Union Pacific expects to have everything cleared within 48 hours. Minden suggests you stay on I-40 or 365 and avoid that area altogether.

Crews hauled in heavy equipment from out of town to clean up the mess and have been working around the clock.

No word on what caused the train to jump the tracks but no one was injured and it was not hauling any hazardous materials.

Updated: Weather affects smoke plumes in NLR

The fire is contained but is still smoldering and has burned hundreds of acres.

See the related links to the right for previous stories.

As smoke filled the air Thursday, forecasters at The National Weather Service watched as satellite images revealed plumes of smoke coming from Camp Robinson.  Forecaster Emilie Nipper says they monitor satellite images throughout the day.

"Off of satellite we can see smoke plumes.  We can see the difference and change in temperatures based on the fire, so we can monitor it from here."

Thursday, the initial blaze at Camp Robinson reignited and residents near the blaze say they are feeling the burn.
"Smells like your next door neighbor is burning leaves. Some people are getting a cough out of it. It's been kind of miserable; had to turn my air conditioner back on," says resident Wayne Garland.

Update: NLRPD Officer involved shooting, suspect dead

 

The home owner says the situation was a complete misunderstanding and he wishes things ended much different. Forty-four-year old Marcus Heard's wife was on her way home when she was told he was pronounced dead at the scene. But police say, they responded to a 9-1-1 call and they were met by the armed suspect shooting at them.

Ray Taylor says, "It's a good neighborhood, real good neighborhood."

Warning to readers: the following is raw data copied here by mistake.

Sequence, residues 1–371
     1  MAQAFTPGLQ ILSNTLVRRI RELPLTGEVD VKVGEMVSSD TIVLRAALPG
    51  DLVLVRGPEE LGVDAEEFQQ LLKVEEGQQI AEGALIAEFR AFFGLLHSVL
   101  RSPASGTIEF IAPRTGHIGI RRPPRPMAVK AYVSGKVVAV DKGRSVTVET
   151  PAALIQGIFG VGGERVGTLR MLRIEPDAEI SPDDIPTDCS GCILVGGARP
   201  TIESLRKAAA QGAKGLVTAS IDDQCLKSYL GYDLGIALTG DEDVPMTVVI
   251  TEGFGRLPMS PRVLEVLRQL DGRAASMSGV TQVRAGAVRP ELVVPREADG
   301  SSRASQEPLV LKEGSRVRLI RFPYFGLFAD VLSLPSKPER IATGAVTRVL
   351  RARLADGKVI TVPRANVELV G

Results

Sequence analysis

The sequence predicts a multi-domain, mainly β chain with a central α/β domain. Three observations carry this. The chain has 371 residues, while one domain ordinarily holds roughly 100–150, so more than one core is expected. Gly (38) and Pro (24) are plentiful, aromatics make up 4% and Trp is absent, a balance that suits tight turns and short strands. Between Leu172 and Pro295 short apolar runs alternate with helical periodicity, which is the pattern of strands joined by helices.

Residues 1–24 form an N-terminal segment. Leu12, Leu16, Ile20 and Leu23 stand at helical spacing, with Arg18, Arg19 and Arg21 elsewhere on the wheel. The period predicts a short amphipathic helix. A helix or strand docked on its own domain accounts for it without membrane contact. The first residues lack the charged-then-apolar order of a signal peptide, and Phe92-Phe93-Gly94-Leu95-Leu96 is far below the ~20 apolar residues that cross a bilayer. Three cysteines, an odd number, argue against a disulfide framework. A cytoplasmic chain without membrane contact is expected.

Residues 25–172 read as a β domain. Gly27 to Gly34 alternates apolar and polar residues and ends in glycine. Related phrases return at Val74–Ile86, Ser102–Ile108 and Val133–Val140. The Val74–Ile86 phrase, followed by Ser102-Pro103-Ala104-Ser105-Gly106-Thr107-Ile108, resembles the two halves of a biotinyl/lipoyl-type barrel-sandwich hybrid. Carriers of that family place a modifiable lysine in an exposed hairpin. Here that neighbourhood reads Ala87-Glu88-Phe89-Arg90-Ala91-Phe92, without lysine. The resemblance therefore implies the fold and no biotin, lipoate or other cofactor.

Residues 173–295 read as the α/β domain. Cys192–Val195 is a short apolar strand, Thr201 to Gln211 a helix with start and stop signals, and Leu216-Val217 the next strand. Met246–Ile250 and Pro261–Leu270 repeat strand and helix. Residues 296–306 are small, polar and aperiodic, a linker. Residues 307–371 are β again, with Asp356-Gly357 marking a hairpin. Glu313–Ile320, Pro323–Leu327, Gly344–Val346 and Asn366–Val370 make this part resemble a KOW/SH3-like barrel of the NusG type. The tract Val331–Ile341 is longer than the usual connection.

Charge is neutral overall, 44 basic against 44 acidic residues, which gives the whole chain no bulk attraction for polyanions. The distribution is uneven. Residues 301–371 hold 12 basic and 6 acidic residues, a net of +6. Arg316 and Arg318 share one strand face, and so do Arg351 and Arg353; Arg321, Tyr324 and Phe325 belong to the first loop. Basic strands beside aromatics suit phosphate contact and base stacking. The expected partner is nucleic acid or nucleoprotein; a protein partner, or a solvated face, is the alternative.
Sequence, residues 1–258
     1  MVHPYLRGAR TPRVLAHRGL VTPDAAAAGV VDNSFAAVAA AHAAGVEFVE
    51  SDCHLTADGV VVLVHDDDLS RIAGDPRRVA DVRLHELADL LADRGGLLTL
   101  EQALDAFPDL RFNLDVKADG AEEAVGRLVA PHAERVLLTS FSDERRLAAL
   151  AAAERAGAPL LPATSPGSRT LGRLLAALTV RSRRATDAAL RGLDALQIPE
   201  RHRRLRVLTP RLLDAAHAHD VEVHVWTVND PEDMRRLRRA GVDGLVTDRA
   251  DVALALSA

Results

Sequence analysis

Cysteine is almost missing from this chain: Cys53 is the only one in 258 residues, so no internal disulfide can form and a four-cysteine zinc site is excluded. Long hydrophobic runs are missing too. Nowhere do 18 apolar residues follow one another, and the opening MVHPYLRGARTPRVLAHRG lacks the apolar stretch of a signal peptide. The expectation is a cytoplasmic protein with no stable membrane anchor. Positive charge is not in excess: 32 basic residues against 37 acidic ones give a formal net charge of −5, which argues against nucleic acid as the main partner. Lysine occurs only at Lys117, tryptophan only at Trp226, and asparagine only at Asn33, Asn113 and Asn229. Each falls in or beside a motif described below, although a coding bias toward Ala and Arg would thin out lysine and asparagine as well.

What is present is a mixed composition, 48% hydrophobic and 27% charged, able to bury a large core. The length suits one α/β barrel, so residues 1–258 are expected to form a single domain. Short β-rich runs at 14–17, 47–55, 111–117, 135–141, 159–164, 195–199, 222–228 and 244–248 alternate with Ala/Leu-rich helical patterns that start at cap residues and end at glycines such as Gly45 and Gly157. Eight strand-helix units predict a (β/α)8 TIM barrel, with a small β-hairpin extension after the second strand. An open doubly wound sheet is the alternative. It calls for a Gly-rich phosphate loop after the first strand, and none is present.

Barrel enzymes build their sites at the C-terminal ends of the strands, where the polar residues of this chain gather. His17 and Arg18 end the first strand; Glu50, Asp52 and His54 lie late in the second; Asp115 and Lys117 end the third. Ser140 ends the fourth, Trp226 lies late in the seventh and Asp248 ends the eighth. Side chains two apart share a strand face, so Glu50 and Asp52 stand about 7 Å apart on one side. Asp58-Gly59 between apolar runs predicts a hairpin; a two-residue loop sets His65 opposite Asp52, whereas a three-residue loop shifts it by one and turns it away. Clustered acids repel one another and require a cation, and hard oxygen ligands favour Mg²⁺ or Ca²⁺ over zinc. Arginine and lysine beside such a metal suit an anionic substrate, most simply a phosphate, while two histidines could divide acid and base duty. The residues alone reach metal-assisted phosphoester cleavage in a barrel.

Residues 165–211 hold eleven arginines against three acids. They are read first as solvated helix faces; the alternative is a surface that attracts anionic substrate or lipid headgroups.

It is a weekly routine for Ray Taylor to hang out at his brother's house with friends on Friday's. But this time Taylor says Marcus Heard walked into the house unannounced and fired his gun, then continued to fire it outside in the air.

Taylor clarifies, "He didn't come here to rob us or hurt us. He came here because he had too much to drink."

Update: Parents invited to sobriety checkpoint

 

There is no tolerance for distractive or impaired driving. The checkpoint is not just to catch drunk drivers, but to let folks know there is no lenience for breaking laws. It's everything from seatbelts, breaking curfew, texting to too many people in the car.

Pulaski County Sheriff's deputies will be out until Saturday morning at an undisclosed location. Their focus is drugs, alcohol impaired drivers and teens not abiding by the law. This checkpoint is a bit different because parents are involved.

Holly Jones is the Parent Education Coordinator for Teen Driving Safety at Arkansas Children's Hospital. She says, "We're trying to bring the two together. So that while the parents are enforcing the laws and the rules within the home. Law enforcement are doing it on the street, that both are a team and are working together to keep teenagers safe."